The foundation of all money handling skills is honesty with yourself. This usually requires being thorough and somewhat anal about keeping track of every dollar until you have a better idea of where your money is going. Financial planning basics don’t have to be complicated, but they can be emotionally difficult – especially at first.
Once you’ve got a pretty good idea of what each month looks like – enough that you can predict the month ahead with reasonable accuracy (and you turn out to be right) – it’s time to think about the future.
What If I Don’t Want to Think About the Future?
I know, I hear you – me, either. Today is complicated enough. But whether you’re thirty, fifty, or sixty-nine-and-a-half, the future is coming faster than we’d like and not always the way we’d planned. So, here are some foundational questions you should ask yourself (or discuss with your significant other) before we move on.
Best-case scenario, how long can I keep doing what I’m doing professionally (the source of my current income)?
What’s the minimum I’m likely to need to live on after I’m no longer working? (Will your house be paid for? How will you get around? What is your health care situation most likely going to look like?)
Are there major expenses coming in the future for which I’d like to be prepared? (Kids going to college? A loved one with escalating care-giving needs? A wedding you’d hoped to make possible?)
What am I currently doing to make sure I can still take care of myself and those for whom I’m responsible ten years from now? Twenty years from now? Forty?
If you don’t find those daunting enough, here are a few more you can throw into the mix:
What happens if I lose my job in ten years? Or have an accident and can no longer work? Or I die? Who pays for things then?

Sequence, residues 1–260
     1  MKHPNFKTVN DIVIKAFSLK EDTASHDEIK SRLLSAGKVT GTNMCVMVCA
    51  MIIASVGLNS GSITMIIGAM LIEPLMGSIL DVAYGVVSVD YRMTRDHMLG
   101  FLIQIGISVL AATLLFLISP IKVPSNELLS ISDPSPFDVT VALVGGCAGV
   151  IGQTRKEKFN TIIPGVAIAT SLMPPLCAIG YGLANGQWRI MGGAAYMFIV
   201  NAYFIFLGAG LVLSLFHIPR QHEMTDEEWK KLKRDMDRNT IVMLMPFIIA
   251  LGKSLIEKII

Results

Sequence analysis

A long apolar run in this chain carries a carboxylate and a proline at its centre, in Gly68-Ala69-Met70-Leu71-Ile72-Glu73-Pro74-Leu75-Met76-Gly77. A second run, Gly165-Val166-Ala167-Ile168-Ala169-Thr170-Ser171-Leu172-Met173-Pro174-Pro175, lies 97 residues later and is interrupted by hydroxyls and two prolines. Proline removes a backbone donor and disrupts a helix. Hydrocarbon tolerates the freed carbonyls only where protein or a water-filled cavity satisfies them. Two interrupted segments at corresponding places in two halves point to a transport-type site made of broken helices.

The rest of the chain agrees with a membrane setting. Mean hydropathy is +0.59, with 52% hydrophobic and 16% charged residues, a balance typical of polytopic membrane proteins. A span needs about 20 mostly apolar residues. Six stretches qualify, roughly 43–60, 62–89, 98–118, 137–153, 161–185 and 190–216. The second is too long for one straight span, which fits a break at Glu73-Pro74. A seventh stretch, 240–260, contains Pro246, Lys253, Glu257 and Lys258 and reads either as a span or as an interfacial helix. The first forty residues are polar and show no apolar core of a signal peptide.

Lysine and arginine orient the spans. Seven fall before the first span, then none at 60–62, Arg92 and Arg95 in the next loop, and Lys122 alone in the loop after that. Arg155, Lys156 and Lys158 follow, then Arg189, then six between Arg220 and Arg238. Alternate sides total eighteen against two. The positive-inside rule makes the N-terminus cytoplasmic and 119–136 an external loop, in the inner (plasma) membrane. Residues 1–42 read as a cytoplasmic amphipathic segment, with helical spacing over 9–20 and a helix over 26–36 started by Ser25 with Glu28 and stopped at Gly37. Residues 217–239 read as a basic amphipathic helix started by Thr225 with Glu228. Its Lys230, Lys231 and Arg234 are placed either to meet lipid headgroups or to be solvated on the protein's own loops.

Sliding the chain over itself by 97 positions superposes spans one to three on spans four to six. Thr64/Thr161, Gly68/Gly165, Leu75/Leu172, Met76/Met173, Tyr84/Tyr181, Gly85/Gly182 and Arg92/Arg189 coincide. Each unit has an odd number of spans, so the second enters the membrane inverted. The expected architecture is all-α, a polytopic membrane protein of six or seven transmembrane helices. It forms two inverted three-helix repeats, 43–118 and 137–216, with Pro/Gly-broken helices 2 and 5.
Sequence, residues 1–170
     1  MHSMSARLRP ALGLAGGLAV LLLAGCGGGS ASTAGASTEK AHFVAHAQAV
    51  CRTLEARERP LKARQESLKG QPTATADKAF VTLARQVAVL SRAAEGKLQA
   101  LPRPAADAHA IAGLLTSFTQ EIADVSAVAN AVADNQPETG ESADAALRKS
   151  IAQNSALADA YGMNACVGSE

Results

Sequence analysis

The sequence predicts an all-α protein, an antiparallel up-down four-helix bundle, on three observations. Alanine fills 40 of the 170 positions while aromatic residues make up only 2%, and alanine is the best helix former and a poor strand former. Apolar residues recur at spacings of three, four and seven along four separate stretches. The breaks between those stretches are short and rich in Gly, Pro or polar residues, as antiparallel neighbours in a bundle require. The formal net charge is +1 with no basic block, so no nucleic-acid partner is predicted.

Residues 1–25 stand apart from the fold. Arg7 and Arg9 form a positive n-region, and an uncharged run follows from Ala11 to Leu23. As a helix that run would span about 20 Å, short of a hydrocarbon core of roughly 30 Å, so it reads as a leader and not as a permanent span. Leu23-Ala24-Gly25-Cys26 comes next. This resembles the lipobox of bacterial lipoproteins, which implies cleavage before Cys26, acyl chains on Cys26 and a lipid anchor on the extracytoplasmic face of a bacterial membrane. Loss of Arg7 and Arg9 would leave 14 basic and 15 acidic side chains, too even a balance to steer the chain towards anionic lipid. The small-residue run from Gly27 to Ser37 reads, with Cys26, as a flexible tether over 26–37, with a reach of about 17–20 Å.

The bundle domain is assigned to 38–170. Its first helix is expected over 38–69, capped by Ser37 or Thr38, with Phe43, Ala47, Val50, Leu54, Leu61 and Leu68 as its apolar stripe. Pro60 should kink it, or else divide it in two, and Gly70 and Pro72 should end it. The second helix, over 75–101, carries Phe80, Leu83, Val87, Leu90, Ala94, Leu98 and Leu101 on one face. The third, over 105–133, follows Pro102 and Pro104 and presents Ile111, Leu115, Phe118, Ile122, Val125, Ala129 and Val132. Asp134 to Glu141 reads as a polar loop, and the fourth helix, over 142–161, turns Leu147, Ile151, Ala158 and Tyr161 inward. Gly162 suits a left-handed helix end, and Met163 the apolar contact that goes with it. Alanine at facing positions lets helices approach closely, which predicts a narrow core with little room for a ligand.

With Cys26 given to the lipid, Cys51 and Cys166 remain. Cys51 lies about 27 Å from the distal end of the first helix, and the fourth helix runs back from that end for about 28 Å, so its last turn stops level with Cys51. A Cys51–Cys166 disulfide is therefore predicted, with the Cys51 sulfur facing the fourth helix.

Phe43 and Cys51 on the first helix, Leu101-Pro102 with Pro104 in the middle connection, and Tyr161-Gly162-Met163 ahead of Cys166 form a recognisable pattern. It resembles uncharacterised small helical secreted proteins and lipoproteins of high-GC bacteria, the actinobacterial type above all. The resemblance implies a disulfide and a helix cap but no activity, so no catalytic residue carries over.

What about those I love? What’s the plan if something happens to one of them? Can I handle their education expenses? Medical care? Other needs?
I’m not trying to freak you out. There are only so many things we can control, and there’s a point at which we simply have to make like Elsa and “let it go.” But too often we ignore what we could be doing, things we could influence or control, because we simply don’t like to think about scary unknowns. That approach is NOT acceptable. We can certainly do better with our financial planning basics than THAT!
Where Do I Begin?
Let’s assume that you have at least some general ideas about what you’d like to have available when you retire. Also, for now, let’s take unexpected events off the table – no tragedies, no company closings, no Chinese takeover of the entire economy. On the flip side, let’s assume you don’t have years of comfortable living already invested. Maybe you’re living more or less paycheck to paycheck – not usually too behind, but rarely very far ahead.
What are the most basic ways you can begin preparing for the future more effectively? In other words, let’s look at how to be better with money starting from right here, right now.
What Current Expenses Can You Cut or Consolidate?
How much could you save by refinancing your mortgage? How much would it help to take out a bill consolidation loan and pay off high interest credit cards and other debt and replace them with a lower interest, more manageable monthly payment? What could you shave from your cable package? Your cell phone plans? Your monthly subscriptions or services?
You don’t necessarily have to live like a hermit to cut expenses. We live in consumer-driven times, and “More! More! More!” is our national anthem. (Maybe a better choice would be “I Want It Now!” from that horrible child in the Willy Wonka movie!) We talked about this in much greater detail when we covered Money Management Basics recently, if you’d like to check it out.
A Savings Account
I know, right? This is financial planning basics, after all. If you don’t have a savings account, open one. If you have one, let’s figure out right now how you can contribute to it regularly.
The nice thing about savings accounts is that they’re so darned accessible. You usually have them at the same bank or credit union where you do your checking and maybe a few other financial management things. They’re easy to tap into if you need the funds, and easy to add to when you have the cash. And they should be paying you SOME sort of interest, even if it’s pretty minuscule. Something is better than nothing, yes?